A 15-month-old child was brought for evaluation of ambiguous genitalia
and failure to thrive. He was irritable, underweight and short for age.
He had hypopigmented hair, hypertonia, scissoring of lower limbs,
asymmetrically short flexed fingers, micro-cephaly, narrow frontal area,
slanting auricles, broad nasal tip, anteverted nostrils, microg-nathia,
cleft palate, thickened dental ridge, simian crease, polydactyly,
metatarsus abductus, syndactyly of second and third toes, and ambiguous
genitalia (micropenis, hypo-spadias, cryptorchidism and a rudimentary
vagina with a karyotype of 46XY) (Fig. 1). The child had
pyloroplasty for congenital hypertrophic pyloric stenosis at 28 days of
age. An ultrasound examination of abdomen revealed left sided
hydronephrosis, duplex collecting system, ureterocele and cystic
dysplasia of upper calyceal system. His lipid profile revealed low serum
cholesterol levels and absent LDL cholesterol. A diagnosis of Smith-Lemli-Opitz
syndrome was made based on the clinical and biochemical profile.
Fig. 1. A. Showing cleft palate and thickened
alveolar ridges, B. showing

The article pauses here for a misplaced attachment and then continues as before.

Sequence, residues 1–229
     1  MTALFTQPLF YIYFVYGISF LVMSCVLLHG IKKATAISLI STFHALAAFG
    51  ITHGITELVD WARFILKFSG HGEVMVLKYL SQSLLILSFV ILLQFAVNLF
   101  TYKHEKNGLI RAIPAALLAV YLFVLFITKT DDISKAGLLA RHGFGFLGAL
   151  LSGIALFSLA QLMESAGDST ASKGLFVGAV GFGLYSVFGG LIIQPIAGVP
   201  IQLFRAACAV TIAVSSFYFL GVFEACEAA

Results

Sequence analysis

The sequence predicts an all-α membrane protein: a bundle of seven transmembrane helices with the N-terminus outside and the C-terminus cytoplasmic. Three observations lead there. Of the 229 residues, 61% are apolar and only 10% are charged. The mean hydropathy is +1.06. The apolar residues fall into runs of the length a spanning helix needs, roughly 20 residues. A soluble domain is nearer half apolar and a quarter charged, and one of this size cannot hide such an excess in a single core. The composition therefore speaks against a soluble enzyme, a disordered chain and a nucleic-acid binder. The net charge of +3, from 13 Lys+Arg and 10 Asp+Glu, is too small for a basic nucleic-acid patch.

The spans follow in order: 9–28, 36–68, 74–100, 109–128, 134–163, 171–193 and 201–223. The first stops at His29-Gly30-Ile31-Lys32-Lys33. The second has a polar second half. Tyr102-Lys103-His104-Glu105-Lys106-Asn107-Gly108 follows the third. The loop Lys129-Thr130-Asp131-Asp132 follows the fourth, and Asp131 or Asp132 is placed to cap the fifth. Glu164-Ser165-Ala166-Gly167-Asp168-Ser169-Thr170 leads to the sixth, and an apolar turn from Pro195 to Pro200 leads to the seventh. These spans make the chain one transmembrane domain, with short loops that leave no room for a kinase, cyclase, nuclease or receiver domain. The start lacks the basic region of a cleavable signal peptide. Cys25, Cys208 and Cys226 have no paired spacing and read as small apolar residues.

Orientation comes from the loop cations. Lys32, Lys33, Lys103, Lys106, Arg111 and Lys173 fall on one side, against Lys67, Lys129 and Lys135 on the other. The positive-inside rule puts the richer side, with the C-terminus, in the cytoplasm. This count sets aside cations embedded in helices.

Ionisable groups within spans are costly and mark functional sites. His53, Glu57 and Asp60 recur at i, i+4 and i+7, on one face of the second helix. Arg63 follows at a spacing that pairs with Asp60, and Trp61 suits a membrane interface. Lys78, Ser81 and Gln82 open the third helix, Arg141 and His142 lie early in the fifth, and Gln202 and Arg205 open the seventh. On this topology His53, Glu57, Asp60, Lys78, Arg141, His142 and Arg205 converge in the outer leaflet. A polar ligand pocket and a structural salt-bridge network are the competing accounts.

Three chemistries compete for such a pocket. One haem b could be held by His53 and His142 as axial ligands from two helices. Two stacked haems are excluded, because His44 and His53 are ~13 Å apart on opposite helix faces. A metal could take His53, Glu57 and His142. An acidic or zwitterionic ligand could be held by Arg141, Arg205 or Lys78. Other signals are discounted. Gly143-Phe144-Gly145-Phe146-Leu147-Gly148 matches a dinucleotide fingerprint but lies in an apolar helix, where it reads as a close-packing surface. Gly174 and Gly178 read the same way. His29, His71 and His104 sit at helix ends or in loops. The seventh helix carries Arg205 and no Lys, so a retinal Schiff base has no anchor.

polydactyly and simian crease. C. showing ambiguous genitalia and
syndactyly of second and third toes.
Smith-Lemli-Opitz syndrome, first des-cribed in 1964,
is a rare autosomal recessive disorder of cholesterol synthesis wherein
the conversion of 7-dehydro-cholesterol (7-DHC) into cholesterol is
disrupted leading to excessive accumulation of 7-dehydro-cholesterol,
8-dehydro-cholesterol (8-DHC, an isomeric form of 7-DHC), and deficiency
of cholesterol. The accumulated 7-DHC and 8-DHC also cause decreased
HMG-CoA reductase activity. Hence cholesterol replace-ment forms the
cornerstone in medical management of this condition. The coexisting
surgical conditions may need appropriate evaluation and intervention.
Julius Xavier Scott,
Department of Child Health,
Christian Medical College & Hospital,